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! )* ! Additionally, PWV was investigated in this study using flow area method whic h enables region and plane specific analysis which should be considered in this patient population given the heterogeneity of pulmonary arterial wall composition and backward wave reflections coming from the proximal pulmonary arterial branches 33,109 . In this study, we have observed nearly two f old increase in PWV measured at the MPA, similar to a previously reported adult study 55 . Additional studies in the adult literature have reported dramatically decreased RAC along with the MPA compliance and distensibility 82,110 . Other studies have suggested that non invasive detection of MPA stiffness is an early sign of worsening pulmonary vascular disease correlating with clinically prognostic outcomes, and that stiffness can significantly increase with response to exercise induced stress 61,62,111,112 . Unfortunately, serial follow up of pediatric PAH patients by combined catheterization and advanced imaging techniques is challenging due to the invasiveness of cardiac catheterizatio n. Additionally, comprehensive evaluation of pulmonary vascular stiffness using impedance frequency domain analysis along with more simple pulse pressure based metrics (i.e. compliance and distensibility) require catheter derived pressure waveform and are limited for clinical evaluation of pulmonary circulation, especially in children 54,113 . Indeed, majority of consensus recommendations suggest non invasive clinical follo w up evaluation by means of echocardiography or CMR 22 . The promising route toward more comprehensive non invasiv e characterization of PAH is real time CMR allowing for high temporal resolution imaging, but this technique is currently applied only in a limited number of institutions due to high post processing time 55,73,114 .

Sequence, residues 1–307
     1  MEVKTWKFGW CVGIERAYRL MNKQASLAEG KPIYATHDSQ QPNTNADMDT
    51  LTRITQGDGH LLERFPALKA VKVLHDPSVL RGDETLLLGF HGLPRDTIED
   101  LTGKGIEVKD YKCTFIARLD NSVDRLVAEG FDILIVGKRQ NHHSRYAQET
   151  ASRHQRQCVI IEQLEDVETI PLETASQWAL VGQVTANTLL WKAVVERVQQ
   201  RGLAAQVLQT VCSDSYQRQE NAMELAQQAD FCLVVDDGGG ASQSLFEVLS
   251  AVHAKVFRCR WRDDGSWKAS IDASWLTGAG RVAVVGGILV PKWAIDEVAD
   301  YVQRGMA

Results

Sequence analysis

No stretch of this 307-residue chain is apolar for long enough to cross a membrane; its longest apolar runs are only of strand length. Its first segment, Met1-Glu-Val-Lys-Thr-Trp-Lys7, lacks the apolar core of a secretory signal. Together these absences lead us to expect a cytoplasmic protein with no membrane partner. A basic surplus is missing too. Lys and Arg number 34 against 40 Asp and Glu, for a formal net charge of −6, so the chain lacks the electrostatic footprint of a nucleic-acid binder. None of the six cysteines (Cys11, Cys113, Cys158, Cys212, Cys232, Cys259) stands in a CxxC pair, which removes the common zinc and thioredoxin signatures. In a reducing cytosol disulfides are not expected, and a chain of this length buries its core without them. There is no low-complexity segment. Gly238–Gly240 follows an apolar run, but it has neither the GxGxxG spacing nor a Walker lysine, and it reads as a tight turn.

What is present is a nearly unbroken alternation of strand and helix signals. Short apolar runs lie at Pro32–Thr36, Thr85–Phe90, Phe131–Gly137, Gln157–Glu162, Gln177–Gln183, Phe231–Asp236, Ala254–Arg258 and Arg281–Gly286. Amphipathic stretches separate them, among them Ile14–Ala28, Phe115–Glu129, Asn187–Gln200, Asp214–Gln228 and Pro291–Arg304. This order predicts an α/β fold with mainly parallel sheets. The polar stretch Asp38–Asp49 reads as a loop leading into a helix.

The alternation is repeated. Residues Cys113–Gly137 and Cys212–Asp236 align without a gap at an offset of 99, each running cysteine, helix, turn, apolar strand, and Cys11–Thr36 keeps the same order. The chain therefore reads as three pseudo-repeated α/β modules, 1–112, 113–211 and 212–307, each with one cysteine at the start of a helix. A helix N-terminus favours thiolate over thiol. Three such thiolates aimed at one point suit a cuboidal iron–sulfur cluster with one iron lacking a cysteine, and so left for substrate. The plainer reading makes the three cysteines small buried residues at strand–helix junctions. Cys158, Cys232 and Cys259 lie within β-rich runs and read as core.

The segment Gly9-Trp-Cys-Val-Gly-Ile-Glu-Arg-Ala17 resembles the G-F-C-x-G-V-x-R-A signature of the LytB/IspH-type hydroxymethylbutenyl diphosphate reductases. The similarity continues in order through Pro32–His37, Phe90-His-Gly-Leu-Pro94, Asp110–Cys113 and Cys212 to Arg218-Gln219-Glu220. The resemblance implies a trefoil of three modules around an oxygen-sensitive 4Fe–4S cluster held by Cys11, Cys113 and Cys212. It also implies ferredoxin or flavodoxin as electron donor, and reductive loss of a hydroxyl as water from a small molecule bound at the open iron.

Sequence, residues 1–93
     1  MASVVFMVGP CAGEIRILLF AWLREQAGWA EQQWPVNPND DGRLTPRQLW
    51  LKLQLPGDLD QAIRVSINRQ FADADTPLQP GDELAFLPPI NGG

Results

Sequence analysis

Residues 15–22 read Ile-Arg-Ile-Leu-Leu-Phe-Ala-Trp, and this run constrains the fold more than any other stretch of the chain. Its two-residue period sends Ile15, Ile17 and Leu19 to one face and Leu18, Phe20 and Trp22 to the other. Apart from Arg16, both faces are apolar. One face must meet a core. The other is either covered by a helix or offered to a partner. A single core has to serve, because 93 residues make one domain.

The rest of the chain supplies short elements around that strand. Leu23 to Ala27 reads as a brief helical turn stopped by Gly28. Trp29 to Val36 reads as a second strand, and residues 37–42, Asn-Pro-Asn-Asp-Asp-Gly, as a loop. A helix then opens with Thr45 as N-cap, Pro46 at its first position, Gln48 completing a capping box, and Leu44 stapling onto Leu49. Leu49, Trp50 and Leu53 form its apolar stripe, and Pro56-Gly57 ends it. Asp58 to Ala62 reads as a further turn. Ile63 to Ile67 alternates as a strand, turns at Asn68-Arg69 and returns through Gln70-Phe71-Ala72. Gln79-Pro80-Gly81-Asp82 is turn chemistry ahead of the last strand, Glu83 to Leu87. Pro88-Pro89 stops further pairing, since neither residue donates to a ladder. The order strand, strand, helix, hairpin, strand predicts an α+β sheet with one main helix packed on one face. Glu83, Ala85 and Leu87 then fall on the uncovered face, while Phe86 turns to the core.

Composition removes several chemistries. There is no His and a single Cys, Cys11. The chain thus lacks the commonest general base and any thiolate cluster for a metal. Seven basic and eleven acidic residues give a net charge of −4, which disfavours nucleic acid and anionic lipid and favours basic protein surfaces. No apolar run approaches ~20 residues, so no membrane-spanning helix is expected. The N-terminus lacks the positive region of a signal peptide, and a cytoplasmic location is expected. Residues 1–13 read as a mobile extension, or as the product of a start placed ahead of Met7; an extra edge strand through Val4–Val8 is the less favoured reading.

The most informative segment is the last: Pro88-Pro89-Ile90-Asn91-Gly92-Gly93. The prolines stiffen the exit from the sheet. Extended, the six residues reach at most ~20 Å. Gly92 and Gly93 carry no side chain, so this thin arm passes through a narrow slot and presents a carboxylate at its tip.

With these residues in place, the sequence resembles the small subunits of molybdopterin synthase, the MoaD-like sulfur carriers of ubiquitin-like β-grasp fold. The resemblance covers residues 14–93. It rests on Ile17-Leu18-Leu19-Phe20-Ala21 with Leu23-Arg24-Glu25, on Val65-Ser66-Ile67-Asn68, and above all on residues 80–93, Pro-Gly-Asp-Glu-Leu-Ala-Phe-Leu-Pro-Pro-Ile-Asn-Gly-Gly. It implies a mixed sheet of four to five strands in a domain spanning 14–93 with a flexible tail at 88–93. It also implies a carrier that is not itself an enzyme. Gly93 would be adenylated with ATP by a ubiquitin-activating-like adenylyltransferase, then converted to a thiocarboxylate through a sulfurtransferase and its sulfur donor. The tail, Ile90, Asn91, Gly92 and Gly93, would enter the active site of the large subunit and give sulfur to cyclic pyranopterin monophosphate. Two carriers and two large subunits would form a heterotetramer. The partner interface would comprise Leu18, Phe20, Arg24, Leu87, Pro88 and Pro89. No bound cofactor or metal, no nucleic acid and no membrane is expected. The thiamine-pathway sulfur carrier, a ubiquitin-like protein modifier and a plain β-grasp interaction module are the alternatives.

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! )+ ! MPA stiffness and RV afterload The significant contribution of increased proximal pulmonary vascular stiffness to RV afterload has been demonstrated in both adult and pediatric PAH populations 15,19,33,76 . In this study, we have shown significant correlations between non invasive markers of MPA stiffness with volumetric and functional RV indices. Non invasive evaluation of RV remodeling as a response to elevated afterload has been previo usly investigated by means of a simplified version of the VVCR (mathematical transform of RV ejection fraction), demonstrating potential for describing disease severity and prediction of clinical outcomes 16,17,115 . Strong association between PWV and RAC with VVCR in our study suggests that critical contribution of proxim al stiffness to RV pulmonary artery axis function can be measured non invasively in pediatric PAH population and further supports ongoing efforts for finding therapeutic targeting for proximal vascular stiffness 33,116 . Shea r Hemodynamics and Stiffness Flow mediated remodeling of pulmonary and systemic vasculature is already recognized phenomenon applicable to broad range of vasculopathies 26,72 . The mechanotransduction driven endothelial and extra cellular matrix remodeling in PAH has been described in several in vitro and animal studies 8,33,76,86,87,96 . Similar to systemic circulation, shear mediated response i n pulmonary circulation has a spatially heterogeneous response i.e. endothelial cells in the pulmonary artery will have different responsiveness to shear abnormalities than those at the level of pulmonary arterioles 29,32,117 . Furthermore, endothelial response to WSS variations is magnitude and direction specific, with low and oscillatory shear mediating endothelial cell proliferation and activation of the local inflammatory response 26,27,118 . Indeed, in the presented